One legend states that the two initially met under a tree in Whittlebury Forest in April 1464. Whether or not this story of their first meeting is true, it is believed he cared for her deeply. This is especially so because she was not an ideal choice for a wife – previously married, not a royal, no international connections, and no money. They married in secret sometime before September 1464.

As Edward belonged to the House of York, which had a white rose as its emblem, Woodville became known as the “White Queen.”

She was a firm believer in higher education

Following their marriage, and before her coronation, Woodville took it upon herself to provide funding to one of the scholarly institutions of the time, Queens’ College in Cambridge. Although she didn’t establish the institution – this claim went to Margaret of Anjou – she did breathe new life into the school.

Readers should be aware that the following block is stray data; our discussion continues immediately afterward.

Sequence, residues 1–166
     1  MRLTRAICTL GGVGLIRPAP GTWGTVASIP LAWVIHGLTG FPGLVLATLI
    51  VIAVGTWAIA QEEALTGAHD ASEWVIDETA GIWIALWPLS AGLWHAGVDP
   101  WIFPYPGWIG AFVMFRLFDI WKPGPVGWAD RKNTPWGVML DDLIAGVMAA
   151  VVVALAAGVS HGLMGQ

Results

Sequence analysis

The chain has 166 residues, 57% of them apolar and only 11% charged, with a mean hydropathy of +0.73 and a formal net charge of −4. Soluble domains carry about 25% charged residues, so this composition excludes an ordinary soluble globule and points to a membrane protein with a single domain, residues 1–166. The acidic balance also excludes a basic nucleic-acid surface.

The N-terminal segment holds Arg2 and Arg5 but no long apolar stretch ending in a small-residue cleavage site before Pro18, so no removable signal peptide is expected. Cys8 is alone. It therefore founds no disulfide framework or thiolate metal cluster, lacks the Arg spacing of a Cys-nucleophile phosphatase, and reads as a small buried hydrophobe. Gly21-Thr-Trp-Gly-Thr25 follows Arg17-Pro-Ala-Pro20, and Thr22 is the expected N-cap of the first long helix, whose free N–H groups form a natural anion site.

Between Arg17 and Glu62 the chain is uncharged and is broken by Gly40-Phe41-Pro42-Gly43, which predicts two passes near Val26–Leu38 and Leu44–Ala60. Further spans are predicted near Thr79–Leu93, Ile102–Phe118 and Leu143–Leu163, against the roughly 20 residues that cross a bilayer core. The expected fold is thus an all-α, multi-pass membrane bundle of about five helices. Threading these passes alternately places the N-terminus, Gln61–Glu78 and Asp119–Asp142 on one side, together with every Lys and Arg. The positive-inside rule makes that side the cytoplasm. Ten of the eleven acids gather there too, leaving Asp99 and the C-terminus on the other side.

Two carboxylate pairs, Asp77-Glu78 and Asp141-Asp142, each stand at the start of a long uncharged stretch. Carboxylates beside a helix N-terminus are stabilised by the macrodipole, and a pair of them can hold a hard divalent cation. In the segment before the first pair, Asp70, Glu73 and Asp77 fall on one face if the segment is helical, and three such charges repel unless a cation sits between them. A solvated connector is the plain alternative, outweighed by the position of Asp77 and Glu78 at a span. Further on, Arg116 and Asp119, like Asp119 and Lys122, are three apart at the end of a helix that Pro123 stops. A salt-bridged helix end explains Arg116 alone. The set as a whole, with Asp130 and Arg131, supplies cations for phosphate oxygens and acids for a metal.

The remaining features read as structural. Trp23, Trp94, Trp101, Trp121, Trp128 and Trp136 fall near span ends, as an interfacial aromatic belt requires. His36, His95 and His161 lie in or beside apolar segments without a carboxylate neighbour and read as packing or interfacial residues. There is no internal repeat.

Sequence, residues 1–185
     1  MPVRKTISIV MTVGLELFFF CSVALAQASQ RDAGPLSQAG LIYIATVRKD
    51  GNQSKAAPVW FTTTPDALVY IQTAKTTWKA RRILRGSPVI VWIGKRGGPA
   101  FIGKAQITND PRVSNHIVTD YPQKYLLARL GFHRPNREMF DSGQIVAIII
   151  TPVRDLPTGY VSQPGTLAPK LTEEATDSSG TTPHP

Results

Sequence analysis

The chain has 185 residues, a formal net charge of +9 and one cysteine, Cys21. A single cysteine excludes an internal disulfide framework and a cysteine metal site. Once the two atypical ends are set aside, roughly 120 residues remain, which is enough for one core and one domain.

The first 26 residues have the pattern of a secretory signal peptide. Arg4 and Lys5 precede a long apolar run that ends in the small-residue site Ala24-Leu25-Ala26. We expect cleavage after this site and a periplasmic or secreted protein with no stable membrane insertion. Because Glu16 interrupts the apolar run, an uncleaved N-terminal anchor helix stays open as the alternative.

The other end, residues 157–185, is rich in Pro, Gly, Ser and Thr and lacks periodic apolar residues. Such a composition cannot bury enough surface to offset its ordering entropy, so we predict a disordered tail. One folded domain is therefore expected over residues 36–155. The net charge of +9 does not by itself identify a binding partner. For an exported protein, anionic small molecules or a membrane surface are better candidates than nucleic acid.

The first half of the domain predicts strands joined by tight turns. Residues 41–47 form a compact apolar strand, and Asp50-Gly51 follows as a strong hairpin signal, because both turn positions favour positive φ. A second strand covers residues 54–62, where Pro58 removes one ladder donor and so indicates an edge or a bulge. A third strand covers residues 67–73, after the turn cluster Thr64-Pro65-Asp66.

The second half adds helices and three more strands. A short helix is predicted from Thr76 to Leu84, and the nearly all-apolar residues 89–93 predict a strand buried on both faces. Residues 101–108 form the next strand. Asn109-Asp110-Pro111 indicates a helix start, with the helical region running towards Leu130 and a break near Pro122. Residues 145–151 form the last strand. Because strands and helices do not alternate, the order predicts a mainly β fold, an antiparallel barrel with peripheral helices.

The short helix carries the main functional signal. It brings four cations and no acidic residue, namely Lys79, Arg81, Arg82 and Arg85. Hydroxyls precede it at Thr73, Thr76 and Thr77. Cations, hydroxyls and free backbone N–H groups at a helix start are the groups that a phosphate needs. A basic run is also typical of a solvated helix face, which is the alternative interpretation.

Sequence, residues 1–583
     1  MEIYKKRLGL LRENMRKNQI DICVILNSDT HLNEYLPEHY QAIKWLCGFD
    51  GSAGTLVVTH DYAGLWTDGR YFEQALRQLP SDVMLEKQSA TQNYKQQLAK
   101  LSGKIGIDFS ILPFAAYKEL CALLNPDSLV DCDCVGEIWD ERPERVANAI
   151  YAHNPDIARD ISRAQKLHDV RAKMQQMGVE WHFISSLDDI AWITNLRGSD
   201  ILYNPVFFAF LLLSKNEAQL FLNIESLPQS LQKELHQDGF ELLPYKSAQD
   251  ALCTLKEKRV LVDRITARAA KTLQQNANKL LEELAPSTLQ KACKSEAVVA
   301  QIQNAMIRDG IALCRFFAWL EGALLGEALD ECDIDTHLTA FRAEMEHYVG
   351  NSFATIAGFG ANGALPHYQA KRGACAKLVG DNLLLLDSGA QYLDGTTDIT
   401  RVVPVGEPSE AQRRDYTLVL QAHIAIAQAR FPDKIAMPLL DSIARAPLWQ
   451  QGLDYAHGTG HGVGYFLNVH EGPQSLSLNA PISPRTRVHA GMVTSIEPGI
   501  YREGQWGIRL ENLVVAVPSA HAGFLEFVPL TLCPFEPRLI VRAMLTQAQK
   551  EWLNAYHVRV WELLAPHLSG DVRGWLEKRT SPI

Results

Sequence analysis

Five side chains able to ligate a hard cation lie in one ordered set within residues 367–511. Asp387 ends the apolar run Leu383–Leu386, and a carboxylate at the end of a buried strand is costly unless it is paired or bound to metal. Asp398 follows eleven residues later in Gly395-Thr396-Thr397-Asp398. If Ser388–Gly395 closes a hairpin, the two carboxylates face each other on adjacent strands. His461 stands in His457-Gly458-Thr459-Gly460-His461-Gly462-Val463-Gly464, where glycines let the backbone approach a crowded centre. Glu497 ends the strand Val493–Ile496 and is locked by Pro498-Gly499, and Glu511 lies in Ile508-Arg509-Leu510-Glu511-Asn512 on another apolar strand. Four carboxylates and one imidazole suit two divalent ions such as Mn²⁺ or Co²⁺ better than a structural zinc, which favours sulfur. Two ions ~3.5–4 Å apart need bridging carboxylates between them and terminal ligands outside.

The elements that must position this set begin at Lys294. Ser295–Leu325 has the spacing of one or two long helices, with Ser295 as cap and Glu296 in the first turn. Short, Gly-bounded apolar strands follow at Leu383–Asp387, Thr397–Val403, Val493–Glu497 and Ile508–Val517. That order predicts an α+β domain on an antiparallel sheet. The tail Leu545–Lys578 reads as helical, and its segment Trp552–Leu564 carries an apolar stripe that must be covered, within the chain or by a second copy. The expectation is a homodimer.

View of Queens' College from across a river with people rowing boats.
A view of Queens’ College across the River Cam, Cambridge, c. 1960. (Photo Credit: Archive Photos/ Getty Images)

She organized the college’s first statutes in 1475. These outlined what the scholars studying there would be paid, and what their responsibilities were. As the institution was no longer prosperous at the time Woodville took it under her wing, she is recognized by Queens’ as their “true foundress by right of succession.”

Her coronation was full of artful propaganda

Woodville was made queen consort on May 26, 1465, at Westminster Abbey, the location of every English Coronation since 1066. This occasion was used as an opportunity to portray her in a very specific light and to counter some negative feelings toward her. In particular, she had been married before and already had sons with Grey so was evidently not a virgin.